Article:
Medical Savings Accounts in South Africa

Studies | Health | International

No. 234
Thursday, June 01, 2000
by Shaun Matisonn


The South African Health Care System: The Private Sector

Figure I - Private Health Insurance Enrollment

"About one-fifth of South Africans have private insurance and their number grows about 2 to 3 percent a year."

Partly in response to the problems that plague the public system, South Africa has a large and growing private health care sector. Unlike the public sector, the private sector offers care comparable to that offered by most first-world health care systems. Currently, the 20 percent of the population using the private sector has access to 85 percent of the country's pharmacists and at least 75 percent of all medical specialists.6 As real per capita spending in the public sector has decreased, spending in the private sector is rising dramatically.

Private Health Insurance. In contrast to the public sector, health care delivered in the private sector must be paid for by patients.

  • In order to help meet these costs, approximately 20 percent of the population purchases private health insurance in a very competitive insurance market.
  • Over the past decade the number of privately insured people has grown about 2 to 3 percent per year. [See Figure I.]

Within the last five years there also has been rapid innovation within the private insurance market, spurred in part by deregulation in 1994. Prior to deregulation, the South African market in many ways resembled the U.S. private insurance market before the advent of managed care.7 That is, it was dominated by nonprofit, bureaucratic organizations that did not function like typical profit-making enterprises.8

Coverage was generally provided at community-rated premiums (without even variation for age differences) and was guaranteed to all applicants regardless of health status. Fees earned by the insurers and/or administrators usually were a percentage of the premium, offering little incentive for cost control or plan innovation.9 The net result was a market dominated by traditional indemnity plans providing first-dollar coverage for most services. With few cost containment incentives in the system, private insurance costs increased dramatically during the 1980s and early 1990s.

Figure II - Average Annual Increase in Premiums

"Competition and innovation reduced premium increases after insurance market deregulation in 1994."

Effects of Deregulation. Deregulation of the market removed a number of constraints on the system, including the requirements of community rating and guaranteed issue. In addition, for-profit insurers were allowed to enter the market. Given the freedom to innovate and experiment, insurers soon began offering a range of health plans: traditional indemnity plans, medical savings account plans, preferred provider plans and HMO-type managed care. Competition and innovation also reduced health insurance premium inflation. (See Figure II.) And it increased the solvency of insurers, as reflected in the growth of assets per enrollee. (See Figure III.)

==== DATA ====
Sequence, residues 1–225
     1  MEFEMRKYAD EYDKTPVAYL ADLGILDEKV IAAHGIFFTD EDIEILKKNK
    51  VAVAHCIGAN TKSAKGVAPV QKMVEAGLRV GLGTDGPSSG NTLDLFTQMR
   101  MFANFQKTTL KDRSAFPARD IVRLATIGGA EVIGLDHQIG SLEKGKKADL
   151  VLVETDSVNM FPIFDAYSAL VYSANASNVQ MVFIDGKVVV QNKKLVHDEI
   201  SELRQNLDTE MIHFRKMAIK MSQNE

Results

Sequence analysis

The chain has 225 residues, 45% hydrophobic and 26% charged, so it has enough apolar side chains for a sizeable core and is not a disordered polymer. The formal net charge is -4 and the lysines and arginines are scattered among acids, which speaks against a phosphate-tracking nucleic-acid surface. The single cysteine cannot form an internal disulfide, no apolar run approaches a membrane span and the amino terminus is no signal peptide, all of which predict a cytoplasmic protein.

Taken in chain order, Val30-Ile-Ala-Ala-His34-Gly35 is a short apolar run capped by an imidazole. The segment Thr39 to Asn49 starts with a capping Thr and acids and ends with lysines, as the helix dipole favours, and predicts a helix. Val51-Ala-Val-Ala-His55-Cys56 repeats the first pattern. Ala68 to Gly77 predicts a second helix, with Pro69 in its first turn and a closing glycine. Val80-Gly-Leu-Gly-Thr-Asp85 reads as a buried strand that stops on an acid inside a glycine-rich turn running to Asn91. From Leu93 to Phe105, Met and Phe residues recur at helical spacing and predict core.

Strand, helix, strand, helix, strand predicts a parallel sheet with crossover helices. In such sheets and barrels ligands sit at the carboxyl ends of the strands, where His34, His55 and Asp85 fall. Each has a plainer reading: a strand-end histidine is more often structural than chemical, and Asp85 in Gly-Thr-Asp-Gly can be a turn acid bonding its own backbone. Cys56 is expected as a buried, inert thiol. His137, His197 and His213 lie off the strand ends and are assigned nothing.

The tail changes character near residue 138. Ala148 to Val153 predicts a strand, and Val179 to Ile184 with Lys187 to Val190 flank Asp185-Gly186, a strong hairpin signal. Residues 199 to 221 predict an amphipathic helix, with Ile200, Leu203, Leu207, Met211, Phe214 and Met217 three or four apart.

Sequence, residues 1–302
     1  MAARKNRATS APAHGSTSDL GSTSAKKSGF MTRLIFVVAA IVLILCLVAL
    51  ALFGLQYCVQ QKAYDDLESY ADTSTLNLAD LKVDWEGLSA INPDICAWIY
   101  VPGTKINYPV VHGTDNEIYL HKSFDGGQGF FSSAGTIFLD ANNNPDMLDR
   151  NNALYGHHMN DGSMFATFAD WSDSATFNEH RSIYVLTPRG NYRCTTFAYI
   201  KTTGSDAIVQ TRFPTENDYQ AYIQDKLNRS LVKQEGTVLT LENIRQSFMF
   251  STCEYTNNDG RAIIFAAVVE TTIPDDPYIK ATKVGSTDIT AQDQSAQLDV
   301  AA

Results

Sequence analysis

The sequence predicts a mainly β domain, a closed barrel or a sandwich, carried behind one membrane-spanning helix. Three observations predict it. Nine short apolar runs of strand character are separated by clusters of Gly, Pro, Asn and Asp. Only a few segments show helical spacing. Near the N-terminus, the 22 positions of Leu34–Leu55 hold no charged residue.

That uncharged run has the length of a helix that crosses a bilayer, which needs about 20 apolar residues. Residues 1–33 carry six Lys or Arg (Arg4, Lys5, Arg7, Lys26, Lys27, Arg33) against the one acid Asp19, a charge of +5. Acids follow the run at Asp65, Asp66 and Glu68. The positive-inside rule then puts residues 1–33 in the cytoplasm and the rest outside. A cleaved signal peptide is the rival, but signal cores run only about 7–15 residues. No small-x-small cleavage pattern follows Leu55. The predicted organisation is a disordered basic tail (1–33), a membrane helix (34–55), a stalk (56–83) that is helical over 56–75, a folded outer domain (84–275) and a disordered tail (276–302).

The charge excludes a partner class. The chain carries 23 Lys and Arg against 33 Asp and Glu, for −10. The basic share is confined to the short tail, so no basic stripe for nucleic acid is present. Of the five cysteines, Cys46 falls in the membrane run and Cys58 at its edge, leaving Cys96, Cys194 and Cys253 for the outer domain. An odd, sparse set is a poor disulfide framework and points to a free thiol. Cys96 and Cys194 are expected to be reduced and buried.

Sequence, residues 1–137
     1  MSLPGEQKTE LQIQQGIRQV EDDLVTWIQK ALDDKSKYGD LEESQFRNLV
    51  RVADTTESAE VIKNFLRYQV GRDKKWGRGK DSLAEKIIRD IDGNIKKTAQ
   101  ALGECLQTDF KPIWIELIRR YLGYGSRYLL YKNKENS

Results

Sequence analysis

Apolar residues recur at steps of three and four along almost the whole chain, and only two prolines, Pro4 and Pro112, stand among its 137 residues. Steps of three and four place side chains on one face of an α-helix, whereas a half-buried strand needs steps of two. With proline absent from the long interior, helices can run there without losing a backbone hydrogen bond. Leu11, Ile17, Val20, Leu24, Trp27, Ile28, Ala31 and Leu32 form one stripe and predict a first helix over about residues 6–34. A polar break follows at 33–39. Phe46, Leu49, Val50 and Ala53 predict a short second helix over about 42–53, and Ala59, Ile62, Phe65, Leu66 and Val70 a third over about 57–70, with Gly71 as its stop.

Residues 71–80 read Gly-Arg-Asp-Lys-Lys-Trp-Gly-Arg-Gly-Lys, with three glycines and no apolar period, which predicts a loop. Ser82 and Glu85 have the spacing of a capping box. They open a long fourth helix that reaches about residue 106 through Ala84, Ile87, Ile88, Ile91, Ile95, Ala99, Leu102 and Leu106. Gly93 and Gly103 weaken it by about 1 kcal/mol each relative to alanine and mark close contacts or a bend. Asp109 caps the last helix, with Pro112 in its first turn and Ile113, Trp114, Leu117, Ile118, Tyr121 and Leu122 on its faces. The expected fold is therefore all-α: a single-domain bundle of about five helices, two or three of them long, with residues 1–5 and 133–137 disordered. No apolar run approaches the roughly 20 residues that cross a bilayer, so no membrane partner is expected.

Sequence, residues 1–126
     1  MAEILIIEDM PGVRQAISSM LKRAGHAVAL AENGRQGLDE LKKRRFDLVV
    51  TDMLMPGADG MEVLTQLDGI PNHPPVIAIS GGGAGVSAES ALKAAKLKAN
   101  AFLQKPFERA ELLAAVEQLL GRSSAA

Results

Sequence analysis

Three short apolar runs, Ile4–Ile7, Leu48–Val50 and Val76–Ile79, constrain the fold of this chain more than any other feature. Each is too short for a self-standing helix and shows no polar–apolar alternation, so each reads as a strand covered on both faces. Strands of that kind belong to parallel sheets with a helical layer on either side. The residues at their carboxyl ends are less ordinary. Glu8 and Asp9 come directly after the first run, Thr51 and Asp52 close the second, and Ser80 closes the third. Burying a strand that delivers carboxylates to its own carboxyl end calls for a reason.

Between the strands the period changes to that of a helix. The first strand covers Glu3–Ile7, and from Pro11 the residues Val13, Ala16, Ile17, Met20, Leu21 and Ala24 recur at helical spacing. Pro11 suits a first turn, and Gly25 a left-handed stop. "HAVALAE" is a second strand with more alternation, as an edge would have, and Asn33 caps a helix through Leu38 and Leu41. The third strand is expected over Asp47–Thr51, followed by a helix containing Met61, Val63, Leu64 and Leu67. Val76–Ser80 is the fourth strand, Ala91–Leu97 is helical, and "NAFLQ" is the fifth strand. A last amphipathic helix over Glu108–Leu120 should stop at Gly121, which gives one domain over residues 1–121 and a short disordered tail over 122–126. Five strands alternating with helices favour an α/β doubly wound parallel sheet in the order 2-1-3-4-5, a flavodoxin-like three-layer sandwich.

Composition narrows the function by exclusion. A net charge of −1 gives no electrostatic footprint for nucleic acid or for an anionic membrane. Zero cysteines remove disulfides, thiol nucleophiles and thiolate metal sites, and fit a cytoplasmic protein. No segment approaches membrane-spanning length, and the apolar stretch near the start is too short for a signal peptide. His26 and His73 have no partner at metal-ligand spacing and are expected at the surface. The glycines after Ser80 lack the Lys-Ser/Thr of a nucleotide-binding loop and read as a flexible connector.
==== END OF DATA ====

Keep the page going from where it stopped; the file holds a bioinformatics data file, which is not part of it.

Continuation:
Companies offering medical savings account products have enjoyed the greatest success. By contrast, U.S.-type managed care plans have not fared well. For example, United Healthcare entered the market aggressively in 1997, in partnership with a local insurance company and a large employer. The venture was unsuccessful. Recently, United Healthcare left the South African market and its operations were absorbed by a large local administrator.

The Threat of Reregulation. Despite the recent success of the market in increasing the number of people insured, reducing premium increases and improving solvency, regulations that became effective this year threaten to derail this progress.

Figure III - Net Assets of Insurers Per Insured Person

"Despite success, there is the threat of reregulation."

The most troubling new rules are those reintroducing community rating and guaranteed issue (requirements to accept all applicants and charge one uniform premium). Under pure community rating and guaranteed issue, a healthy person would have no incentive to purchase insurance and pay premiums. The reason: The individual could buy insurance at the same premium paid by everyone else after getting sick. In recognition of this problem, the government is allowing insurers to apply preexisting condition exclusions and charge higher premiums to older enrollees. For example, insurers may exclude coverage for certain conditions for enrollees who join a plan after they have developed the condition. Furthermore when people join after age 35, the community-rated premium can be raised by 25 to 75 percent. These provisions encourage people to insure when they are young and healthy.

Many insurers are now designing products for the young and healthy. An example is the Vitality program described below.


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